We returned to our canal running route this morning, turning into Virginia once again – this time across the Chain Bridge.  Our explorations stopped short on the Pimmit Run that hugs the river bank.  When we stopped to admire the swirly pools of water and allow the dog to take a break from scaling the rocks, one of our cell phones decided to dive in.  That makes two electronics exposed to water this weekend. The phone still works.  The computer mentioned earlier now features a water-logged screen as a result of a run-in with a cup of ice water.  Maybe we should have just stayed in this weekend or gone to the movies instead.  Brave remains on our short list of movies to watch, but we weren’t adventurous enough to go to a showing in a mall packed with back-t0-school shoppers.

 

Hiking in the Heat

We ventured back to our favorite hike this weekend – the Billy Goat Trail.  The now familiar terrain makes for a challenging morning run, with some rock scaling, and we did our best to beat the 11 a.m. heat advisory, but only barely.  We started on the trail at 8:30, completed the C and B loops and connected to the Great Falls trails via the canal path.  This provided a mix of semi-level gravel surfaces, with the narrow branch-filled hilly trails that are a little more challenging.  In the end, we hiked over seven miles, draining two Camelbak water bags in the process (between the three of us, because we pack water for the dog as well.)  In addition, we have a towel, extra water bottles, and a change of clothes in the car so we can cool of as quickly as possible.  For the dog, this meant take a long drink, then collapsing in the shady back seat of the car.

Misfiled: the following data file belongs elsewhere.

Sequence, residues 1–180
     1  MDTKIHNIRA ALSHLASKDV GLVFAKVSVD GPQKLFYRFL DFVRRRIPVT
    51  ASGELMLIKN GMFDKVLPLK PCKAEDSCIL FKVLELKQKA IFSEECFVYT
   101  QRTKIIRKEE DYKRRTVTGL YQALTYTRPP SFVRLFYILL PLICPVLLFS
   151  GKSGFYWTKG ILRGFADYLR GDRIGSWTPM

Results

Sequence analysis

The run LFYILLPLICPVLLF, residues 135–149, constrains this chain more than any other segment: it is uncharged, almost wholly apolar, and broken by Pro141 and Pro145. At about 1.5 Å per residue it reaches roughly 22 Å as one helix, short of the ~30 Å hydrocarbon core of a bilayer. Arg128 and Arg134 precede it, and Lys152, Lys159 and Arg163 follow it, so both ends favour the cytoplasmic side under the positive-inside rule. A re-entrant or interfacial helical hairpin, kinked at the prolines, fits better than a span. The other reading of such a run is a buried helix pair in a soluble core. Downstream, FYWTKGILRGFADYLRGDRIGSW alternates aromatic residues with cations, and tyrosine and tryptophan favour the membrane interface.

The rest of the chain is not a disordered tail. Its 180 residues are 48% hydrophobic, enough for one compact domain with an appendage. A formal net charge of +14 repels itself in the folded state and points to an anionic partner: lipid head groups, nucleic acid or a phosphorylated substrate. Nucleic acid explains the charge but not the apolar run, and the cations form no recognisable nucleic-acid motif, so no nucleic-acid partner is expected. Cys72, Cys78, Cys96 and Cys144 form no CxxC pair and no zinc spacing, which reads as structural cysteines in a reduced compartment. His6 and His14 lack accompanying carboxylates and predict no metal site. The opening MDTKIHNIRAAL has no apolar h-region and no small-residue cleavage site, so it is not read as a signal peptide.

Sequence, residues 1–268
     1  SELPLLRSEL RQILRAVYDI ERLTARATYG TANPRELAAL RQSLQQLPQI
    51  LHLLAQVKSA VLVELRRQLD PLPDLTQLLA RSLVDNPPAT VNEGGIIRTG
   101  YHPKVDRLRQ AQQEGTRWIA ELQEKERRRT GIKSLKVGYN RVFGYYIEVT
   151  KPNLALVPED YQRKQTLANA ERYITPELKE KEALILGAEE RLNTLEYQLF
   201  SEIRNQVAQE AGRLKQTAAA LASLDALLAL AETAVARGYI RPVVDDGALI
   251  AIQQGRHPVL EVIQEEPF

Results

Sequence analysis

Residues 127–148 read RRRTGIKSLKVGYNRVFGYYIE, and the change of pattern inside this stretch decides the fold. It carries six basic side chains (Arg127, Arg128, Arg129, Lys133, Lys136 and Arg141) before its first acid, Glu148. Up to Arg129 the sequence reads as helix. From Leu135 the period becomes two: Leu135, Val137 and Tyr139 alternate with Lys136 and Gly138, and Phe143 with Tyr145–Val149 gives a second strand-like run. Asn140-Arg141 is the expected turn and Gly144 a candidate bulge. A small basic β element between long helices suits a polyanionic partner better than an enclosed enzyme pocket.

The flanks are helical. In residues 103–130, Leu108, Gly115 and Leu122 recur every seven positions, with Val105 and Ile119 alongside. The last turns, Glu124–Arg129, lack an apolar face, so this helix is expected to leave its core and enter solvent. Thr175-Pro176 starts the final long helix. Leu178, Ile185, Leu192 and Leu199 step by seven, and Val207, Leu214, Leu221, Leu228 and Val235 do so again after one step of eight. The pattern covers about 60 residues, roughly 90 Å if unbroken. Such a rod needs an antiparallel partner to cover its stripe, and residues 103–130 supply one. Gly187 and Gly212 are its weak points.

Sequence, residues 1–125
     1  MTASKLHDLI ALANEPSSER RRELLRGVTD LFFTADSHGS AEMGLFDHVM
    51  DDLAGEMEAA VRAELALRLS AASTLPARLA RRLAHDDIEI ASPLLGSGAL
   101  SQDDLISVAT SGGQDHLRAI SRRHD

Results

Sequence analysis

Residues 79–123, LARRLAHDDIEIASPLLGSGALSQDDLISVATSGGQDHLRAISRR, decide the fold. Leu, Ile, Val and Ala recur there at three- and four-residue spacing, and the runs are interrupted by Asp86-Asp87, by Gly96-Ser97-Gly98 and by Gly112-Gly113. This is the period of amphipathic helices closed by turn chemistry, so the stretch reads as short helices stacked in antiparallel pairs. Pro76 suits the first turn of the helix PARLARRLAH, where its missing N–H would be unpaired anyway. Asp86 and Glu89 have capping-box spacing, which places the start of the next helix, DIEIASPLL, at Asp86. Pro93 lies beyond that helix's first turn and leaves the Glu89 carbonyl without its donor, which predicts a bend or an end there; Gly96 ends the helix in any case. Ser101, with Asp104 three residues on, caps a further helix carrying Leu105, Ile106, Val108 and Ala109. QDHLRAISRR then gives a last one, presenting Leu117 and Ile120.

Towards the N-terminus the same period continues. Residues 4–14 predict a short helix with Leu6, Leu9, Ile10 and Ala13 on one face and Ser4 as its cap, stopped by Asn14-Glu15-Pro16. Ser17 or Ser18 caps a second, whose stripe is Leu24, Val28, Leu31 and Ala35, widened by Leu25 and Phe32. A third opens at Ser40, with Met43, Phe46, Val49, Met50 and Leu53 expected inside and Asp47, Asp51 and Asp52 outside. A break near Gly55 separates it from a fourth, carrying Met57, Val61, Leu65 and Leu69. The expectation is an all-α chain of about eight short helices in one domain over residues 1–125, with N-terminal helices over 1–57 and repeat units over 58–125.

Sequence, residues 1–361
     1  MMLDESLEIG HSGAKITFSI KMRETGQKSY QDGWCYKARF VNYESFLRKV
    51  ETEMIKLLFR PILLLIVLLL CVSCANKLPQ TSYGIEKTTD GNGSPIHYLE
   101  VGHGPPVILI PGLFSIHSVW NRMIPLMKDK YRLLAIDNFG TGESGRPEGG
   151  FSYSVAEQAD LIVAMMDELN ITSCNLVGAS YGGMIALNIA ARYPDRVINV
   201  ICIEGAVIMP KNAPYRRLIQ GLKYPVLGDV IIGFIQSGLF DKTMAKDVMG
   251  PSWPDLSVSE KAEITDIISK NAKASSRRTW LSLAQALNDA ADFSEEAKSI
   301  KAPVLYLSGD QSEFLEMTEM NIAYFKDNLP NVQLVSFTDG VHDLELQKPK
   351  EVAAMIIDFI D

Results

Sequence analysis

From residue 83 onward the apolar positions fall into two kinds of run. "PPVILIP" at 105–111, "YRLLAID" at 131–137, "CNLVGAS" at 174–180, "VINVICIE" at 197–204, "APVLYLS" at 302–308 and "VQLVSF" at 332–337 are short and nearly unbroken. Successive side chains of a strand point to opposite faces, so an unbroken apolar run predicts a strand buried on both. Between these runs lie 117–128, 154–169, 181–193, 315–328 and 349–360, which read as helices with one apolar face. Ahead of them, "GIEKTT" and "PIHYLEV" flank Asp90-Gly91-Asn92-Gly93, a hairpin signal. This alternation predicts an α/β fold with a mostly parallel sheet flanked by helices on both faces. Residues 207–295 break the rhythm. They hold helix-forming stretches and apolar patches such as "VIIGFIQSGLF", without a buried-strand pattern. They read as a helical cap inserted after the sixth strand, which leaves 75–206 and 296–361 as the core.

Trail Blazes

Raspberries from the trail

The first signs of summer have cropped up along our favorite part of the Canal Path.  During our run this past week, we spotted 32 geese of all ages and sizes, a single young deer grazing in the nearby wooded area, and more raspberries than we could count.  Though hardly noticeably during our running pace, their ripe red color screamed out when we stopped to walk.   We probably looked crazy when we stepped off the pebbly path to get a closer look.  Most of our fellow runners, walkers, and bikers, crept or sped by seemingly unaware of these bight blazes.  Though I don’t recommended eating them straight from the trail, I did carry a few home to thoroughly clean before tasting.  Though smaller than store-bought berries, they are just as flavorful as those found at the nearby farmer’s market, and they had even fewer miles to travel – a total of 2.5 in fact.  Though with the berry picking sidetrack, this “run” took us over an hour.

The Billy Goat Trail and Other Creatures

A clear sign that we found the Billy Goat Trail